New Year, Same Nico

Happy New Years, folks!

I generally dislike New Years resolutions; they are so rarely kept. However, I try my damnedest to always embrace change and discomfort, and I’ve done better with that in recent years. These last few weeks leading up to the New Year, however, have shown me that I have not done such a fabulous job with that. I fucking failed at it. Sweet failure, in which we gain these insights.

The day my failings hit me, I was feeling pretty destroyed, but that night I went to sleep and dreamt of Omar Rodriguez-Lopez. It was a great dream! He played the smallest of of venues to a spare few fans and his family members. Later in the evening he ended up behind this bar that was all neon lights and mirrors, everything else fading to black around the edges, the rest of the venue disappeared. We all sat on the bar stools as he went back and forth talking to us, playing his guitar occasionally, and then he made something for each of us. For me he rolled the most amazingly perfect joint I have ever seen, which I graciously accepted (although I do not smoke). I put it away in my bag, and when I woke up in the morning the first thing I did was look for that joint, but it was not there. I’m not sure I’ve woken up expecting a dream to manifest in real life like that since I was a kid. That morning, the biggest disappointment was not the sickening feeling that I had, once again, wasted my time on someone, but that this joint, which I had no interest in smoking, was nowhere to be found in my purse. Life is good.

What does this have to do with anything? Nothing, maybe. Except I will say that this year I set no neat little list of goals, only this general one: that I must focus more on myself and my friends; my dreams and my projects come first. Support others, always, but only the ones who have your back as well.

Till next time…keep being awesome, read books, listen to music, and eat pasta!

flying spaghetti monster

His noodly drum kit


Evening of Solidarity and Vigil for Gaza

Join fellow Santa Cruz community members in an Evening of Solidarity and Vigil for Gaza.

Activists will gather at the Clock Tower at the head of Pacific Avenue in Santa Cruz. They will read off the names and ages of the children who have died in Gaza since July 8. They will lead Muslim, Jewish, Christian prayers, and poetry for all who have passed are or been injured in Israel/Palestine.

La Resistencia, by Melanie Cervantes

La Resistencia, by Melanie Cervantes


Israel’s current assault on Gaza: Operation Protective Edge

  • An alarming death toll: Begun on July 8th as a bombing campaign, Israel has since launched a ground invasion in addition to the airstrike on Gaza. The assault has claimed the lives of over 1,300 Palestinians, the vast majority of whom were civilians, including over 250 children. 56 Israeli Defense Forces (IDF) soldiers & two Israeli civilians have also died.
  • Siege on an open-air prison: Gaza has been called an “open-air prison” because Israel controls its land, airspace, sea, access to electricity, movement of people and goods including food, water & medicine. Israel controls Gaza’s borders with the exception of the Rafah Crossing on the border with Egypt, which has been closed by the Al-Sisi military government; even medical aid has been denied. There is nowhere for people to go, evacuation is not an option.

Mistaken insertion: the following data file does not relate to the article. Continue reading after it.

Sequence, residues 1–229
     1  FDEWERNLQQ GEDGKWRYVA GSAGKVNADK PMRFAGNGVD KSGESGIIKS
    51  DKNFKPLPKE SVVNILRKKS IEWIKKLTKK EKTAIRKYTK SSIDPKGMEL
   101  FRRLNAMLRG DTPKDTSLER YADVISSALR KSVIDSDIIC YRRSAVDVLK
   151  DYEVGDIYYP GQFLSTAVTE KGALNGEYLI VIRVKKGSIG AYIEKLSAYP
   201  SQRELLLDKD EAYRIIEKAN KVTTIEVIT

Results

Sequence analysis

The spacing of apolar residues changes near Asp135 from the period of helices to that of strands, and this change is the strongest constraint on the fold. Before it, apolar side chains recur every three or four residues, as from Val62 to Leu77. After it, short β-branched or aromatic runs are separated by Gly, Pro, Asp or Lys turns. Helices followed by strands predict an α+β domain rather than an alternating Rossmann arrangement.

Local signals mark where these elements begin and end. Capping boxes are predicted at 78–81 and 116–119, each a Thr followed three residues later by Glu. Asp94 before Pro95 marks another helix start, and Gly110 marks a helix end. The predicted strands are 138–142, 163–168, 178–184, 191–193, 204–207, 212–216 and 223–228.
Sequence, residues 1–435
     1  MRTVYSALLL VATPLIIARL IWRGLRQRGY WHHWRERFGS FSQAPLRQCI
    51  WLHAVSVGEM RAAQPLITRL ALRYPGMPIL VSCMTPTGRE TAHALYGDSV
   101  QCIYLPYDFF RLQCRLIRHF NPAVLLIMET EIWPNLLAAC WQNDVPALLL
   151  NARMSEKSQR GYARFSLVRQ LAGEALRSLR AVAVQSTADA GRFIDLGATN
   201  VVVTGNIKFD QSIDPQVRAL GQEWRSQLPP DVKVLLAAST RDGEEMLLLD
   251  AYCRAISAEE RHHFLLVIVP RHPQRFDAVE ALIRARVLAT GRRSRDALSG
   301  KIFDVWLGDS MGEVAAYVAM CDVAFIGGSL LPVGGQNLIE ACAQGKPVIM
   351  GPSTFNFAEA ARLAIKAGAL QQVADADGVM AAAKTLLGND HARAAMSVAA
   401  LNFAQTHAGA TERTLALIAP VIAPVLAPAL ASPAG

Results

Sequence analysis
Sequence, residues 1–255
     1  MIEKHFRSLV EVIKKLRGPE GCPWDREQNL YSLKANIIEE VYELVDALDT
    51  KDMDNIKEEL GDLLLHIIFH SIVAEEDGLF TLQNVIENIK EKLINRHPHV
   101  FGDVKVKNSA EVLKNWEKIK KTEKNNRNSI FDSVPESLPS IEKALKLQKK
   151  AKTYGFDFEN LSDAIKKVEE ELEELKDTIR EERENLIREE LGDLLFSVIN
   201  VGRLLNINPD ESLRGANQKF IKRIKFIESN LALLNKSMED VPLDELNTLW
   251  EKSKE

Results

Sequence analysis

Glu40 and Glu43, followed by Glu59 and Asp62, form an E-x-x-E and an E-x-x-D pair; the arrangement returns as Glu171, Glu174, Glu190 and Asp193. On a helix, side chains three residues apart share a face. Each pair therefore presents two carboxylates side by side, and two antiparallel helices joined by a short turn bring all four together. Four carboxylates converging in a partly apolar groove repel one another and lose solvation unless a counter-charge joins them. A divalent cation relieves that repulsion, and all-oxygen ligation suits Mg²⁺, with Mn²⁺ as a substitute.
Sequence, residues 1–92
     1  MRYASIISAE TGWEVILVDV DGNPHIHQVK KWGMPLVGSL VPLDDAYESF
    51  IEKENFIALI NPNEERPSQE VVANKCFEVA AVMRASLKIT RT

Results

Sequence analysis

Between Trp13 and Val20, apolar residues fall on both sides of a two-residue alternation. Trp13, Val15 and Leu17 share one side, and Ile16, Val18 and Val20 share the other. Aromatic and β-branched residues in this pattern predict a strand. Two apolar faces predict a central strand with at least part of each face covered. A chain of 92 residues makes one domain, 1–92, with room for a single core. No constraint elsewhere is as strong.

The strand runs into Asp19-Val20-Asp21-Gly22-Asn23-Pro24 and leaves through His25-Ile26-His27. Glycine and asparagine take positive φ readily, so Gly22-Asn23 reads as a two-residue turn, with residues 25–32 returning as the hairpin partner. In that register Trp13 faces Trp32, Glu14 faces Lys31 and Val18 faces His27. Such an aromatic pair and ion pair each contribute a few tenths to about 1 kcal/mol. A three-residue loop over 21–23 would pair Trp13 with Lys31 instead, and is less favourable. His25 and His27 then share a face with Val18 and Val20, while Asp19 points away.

• U.S. Culpability In addition to the $3 billion per year in military aid, this week the US COngress is discussing Israel’s request for an additional $225 million dollars. Concerned U.S. citizens demand that the U.S. deny this request and immediately freeze all U.S. aid to Israel. They call for urgent hearings in the U.S. House and Senate regarding Israel’s violation of U.S. laws that forbid the use of U.S. supplied weapons against civilian populations. The U.S. must instead use all of it’s international influence, including sanctions, to demand that Israel to stop the bombings and ground invasion of the Gaza Strip, end the siege on Gaza, abide by international law, and end the occupation of Palestine.

Co-Sponsored by the Palestine-Israel Action Committee, Jewish Voice for Peace, and Friends of Sabeel North America. For more information contact



Now that Fall and Winter are over…

It’s been a while since I posted, but I have been prioritizing real-life things (as opposed to things pertaining to the web-based world). As usual it’s mostly work, but I have had new and old friends around my house; bicycle rides when the weather permits; stepping out of my comfort zone and trying zumba; dramatic “familial” betrayals, that have only brought my family together; being reunited with my Gameboy Color; and good tv shows, among other things.

Without going into detail I recommend:
The IT Crowd 
Hot Pepper Gaming
The Walking Dead (Comic and Show)
Zelda: Link’s Awakening DX

Books! Books are my weakness though. I am a book-junkie and should be in a 12 step program or book rehab. Since I do not really intend to give up my habit, here are some recent recommendations:
Brothers Karamazov I got on audiobook so that I could spend office work, house cleaning, and sleepless hours “reading”. Despite the length of somewhere around 36 hours of audiobook, I have since listened to it twice. As someone less eloquent I struggle to put into words how much the characters in this book effected me.
At any rate I recommend you read it, I don’t find Dostoevsky’s novels that hard to read despite being classic literature from 1880. Also as a non-religious person, I do not find any of the religious discussions boring or offensive; at times I felt rather more drawn to some of the sincerely religious, yet moral characters of the book. I will go back and read a hard copy with lots of footnotes, because as I am learning there are so many references to Russian history and culture in Dostoevsky’s works that, as an American twenty-something in 2014, I miss out on a lot of the finer points. I am currently reading Crime and Punishment and much enjoying the footnotes.